any success has just been a claim so far. some in Germany claim they grow, and frag bluberry gorgonians ... yet cant back it up with anything.

I tried for a year. I think I learned alot about them , but didnt make it happen at the end and gave up. just ALOT of feeding and ALOT of water changes dont seem to be the way to go with these guys ... maybe we need stronger bacterioplankton systems ?

I should have noted that my post was about the other end of NPS corals, like carnation tree. and of course not sun corals :)

ocram
07/10/2014, 03:41 PM
Hi almost, yes I understood that correctly :-)

ocram
07/10/2014, 03:42 PM
Gresham, If you could find some pictures or a full tank shot that would help me to see hoe your sucessful system looked like

Dave & Monica
07/18/2014, 12:12 AM
gresham, if you could find some pictures or a full tank shot that would help me to see hoe your sucessful system looked like

+1

ocram
07/18/2014, 05:02 AM
Comon greham! :-)

ocram
11/01/2015, 05:02 AM
up!

rhdoug
09/01/2016, 07:14 AM
My tank late 2014:
http://i1254.photobucket.com/albums/hh610/rhdoug/2015%20TOTM/FTS%2005%201-13-15_zpssdvpnfvw.jpg

I wanted to revive this thread and see how those who had nps corals a couple of years ago are doing with them today.

My 17 year old tank is not a purely nps tank, unfortunately even less so today. I had several nice sun coral colonies, the first were added in 2006, and the last were added a couple of years ago. The newer ones didn't last very long. Most of the older colonies did well for about 5 years, babies cropped up here and there, and then began a slow decline. There was an overnight "event" that affected only the sun corals, which occurred several years ago when I lost a few colonies. One morning some of the corals were "melting", and the some others "insides" were protruding throughout their bodies. It only happened once. Dunno what it was.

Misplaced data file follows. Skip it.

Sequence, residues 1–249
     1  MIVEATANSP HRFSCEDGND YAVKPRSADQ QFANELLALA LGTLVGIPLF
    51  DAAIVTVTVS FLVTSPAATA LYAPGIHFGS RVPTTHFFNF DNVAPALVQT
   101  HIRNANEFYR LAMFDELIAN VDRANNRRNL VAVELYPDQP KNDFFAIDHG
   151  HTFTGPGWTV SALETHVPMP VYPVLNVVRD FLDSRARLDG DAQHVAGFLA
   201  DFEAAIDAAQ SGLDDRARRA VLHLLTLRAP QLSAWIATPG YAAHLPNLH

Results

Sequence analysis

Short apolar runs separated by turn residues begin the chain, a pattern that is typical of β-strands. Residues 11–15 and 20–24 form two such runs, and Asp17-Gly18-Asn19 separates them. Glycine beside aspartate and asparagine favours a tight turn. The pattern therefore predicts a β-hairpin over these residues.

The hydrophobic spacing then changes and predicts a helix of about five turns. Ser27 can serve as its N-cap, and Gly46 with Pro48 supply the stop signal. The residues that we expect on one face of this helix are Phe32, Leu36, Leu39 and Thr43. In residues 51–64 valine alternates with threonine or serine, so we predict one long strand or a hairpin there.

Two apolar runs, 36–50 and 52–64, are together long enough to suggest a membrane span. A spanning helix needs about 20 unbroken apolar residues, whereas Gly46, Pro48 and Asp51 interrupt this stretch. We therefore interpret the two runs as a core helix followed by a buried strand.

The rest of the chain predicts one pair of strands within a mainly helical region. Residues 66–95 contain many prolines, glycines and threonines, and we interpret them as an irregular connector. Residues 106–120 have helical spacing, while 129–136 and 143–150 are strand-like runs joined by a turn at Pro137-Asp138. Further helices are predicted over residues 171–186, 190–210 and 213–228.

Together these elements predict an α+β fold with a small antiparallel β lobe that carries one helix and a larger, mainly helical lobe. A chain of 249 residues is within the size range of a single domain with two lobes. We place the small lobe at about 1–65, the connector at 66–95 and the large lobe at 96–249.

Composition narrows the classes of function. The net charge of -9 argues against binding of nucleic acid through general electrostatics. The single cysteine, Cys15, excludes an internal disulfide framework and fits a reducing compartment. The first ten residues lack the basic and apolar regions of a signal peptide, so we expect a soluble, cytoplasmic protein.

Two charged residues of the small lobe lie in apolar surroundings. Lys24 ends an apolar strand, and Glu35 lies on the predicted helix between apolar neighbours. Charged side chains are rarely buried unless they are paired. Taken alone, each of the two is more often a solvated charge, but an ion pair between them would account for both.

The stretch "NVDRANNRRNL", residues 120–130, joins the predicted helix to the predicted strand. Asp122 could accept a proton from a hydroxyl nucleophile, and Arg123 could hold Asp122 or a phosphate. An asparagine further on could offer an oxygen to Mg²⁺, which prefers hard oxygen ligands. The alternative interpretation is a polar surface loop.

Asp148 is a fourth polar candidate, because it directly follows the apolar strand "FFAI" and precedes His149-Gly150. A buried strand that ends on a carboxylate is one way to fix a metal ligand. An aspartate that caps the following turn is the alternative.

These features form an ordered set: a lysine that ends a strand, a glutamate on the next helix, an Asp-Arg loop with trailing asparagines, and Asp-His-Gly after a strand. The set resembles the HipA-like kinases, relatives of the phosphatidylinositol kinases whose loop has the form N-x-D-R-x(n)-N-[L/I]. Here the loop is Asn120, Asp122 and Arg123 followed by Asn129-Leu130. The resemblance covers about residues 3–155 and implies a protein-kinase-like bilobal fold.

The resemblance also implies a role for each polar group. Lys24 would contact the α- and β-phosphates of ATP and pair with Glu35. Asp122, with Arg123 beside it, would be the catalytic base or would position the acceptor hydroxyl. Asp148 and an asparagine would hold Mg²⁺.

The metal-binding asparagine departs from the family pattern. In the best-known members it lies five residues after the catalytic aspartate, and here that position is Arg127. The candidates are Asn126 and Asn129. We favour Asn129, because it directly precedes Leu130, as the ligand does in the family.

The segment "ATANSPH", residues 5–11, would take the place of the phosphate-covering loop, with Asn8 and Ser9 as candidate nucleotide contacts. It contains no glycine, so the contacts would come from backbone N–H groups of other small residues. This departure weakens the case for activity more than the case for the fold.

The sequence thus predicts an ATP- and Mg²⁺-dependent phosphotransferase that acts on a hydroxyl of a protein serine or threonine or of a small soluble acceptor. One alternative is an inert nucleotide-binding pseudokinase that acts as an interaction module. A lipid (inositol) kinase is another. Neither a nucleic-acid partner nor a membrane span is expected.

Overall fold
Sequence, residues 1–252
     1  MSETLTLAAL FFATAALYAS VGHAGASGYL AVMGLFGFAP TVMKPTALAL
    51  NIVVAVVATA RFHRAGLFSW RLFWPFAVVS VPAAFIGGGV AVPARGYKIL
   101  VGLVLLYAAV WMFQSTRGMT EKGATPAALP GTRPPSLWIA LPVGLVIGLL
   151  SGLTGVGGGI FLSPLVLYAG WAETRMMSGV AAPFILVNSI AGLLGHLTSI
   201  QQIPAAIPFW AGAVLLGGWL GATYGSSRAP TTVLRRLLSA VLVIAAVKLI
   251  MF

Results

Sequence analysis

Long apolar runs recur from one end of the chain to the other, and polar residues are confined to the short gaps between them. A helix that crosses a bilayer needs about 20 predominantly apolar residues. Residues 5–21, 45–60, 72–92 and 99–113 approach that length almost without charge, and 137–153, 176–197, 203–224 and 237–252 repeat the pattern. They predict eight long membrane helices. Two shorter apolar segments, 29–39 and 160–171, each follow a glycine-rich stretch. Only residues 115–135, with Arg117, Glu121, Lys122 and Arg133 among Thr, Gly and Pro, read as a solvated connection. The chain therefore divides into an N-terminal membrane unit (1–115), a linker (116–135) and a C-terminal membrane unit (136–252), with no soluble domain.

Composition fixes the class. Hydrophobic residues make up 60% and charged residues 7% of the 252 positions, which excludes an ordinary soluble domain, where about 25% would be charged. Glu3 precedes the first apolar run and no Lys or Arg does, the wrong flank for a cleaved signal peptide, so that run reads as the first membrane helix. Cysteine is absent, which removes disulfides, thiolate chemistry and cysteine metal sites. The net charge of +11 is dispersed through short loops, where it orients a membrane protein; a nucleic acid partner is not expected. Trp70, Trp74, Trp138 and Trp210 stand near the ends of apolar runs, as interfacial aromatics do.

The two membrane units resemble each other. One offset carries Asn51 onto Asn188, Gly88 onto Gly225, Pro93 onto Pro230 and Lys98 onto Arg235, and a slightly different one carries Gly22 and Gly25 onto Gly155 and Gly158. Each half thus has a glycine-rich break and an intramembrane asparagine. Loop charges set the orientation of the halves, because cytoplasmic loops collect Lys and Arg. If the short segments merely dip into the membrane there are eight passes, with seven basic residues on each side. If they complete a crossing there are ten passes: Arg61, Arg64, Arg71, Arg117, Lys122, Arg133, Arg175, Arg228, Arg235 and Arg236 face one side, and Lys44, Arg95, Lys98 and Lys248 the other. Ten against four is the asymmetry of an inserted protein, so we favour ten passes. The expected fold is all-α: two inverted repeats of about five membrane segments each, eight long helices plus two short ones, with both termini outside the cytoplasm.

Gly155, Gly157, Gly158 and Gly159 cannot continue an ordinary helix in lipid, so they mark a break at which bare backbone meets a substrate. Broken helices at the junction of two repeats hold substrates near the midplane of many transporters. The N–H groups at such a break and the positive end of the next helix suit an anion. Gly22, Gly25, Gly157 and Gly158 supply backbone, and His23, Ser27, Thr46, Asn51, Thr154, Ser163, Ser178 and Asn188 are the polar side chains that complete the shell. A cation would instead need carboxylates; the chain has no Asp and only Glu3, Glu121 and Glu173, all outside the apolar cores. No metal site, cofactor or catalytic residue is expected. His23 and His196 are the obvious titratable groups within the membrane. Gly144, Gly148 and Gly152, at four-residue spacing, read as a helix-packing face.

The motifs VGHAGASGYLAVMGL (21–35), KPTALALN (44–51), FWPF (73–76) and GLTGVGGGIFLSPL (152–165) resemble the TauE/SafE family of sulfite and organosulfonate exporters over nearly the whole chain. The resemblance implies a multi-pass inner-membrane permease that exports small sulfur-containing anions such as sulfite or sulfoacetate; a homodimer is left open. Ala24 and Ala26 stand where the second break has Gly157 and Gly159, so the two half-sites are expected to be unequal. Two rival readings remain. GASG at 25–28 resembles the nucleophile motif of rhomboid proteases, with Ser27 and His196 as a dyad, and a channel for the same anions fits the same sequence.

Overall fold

My feeding routine is a variety of frozen foods, mixed with some of the small particle dry foods like ZoPlan, Reef Roids, etc. via turkey baster. I feed multiple times a day since I work from home and the tank is in my office. The sun corals are target fed once every day or so with "Julian's Thing". I also hang Julian's Thing from a hook inside the canopy so that the tip is near one of the mp10's, causing the food to drizzle out slowly over the course of about an hour and disperse through the tank. The strong flow near the pump prevents the fish from getting all of it at once. I change about 5-8 gallons of water every 7-10 days (58 gallon tank).

Anyway I am now down to 2 sun coral colonies (the ones in the upper left of the photo) but they don't look nearly as good as they did then. There are also a few babies that are still growing, most of them are at least 7 or 8 years old. I'd like to get more to replace the ones I have lost because I love them, but not sure they are worth the effort to be honest. The rest of the tank looks the same, the LPS and softies still going strong.

Thoughts and comments welcome.

laga77
09/01/2016, 09:41 AM
My Sun and Dendro corals are thriving even after three years. There are babies everywhere. The Black Sun corals are propagating in the 50G tank. . I Have one photosynthetic gorgonian going on four years old and another two that are two years old. My Chili coral is 18 months old and doing great. It can be done.

dartier
09/30/2016, 11:22 AM
For people interested in keeping NPS corals, I would urge you to google for the DyMiCo filters. This filtration technology seems particularly well suited to NPS. Glenn Fong has a very nice NPS tank (using a DyMiCo filter) and that is with no water changes, ever, on the tank.

Dennis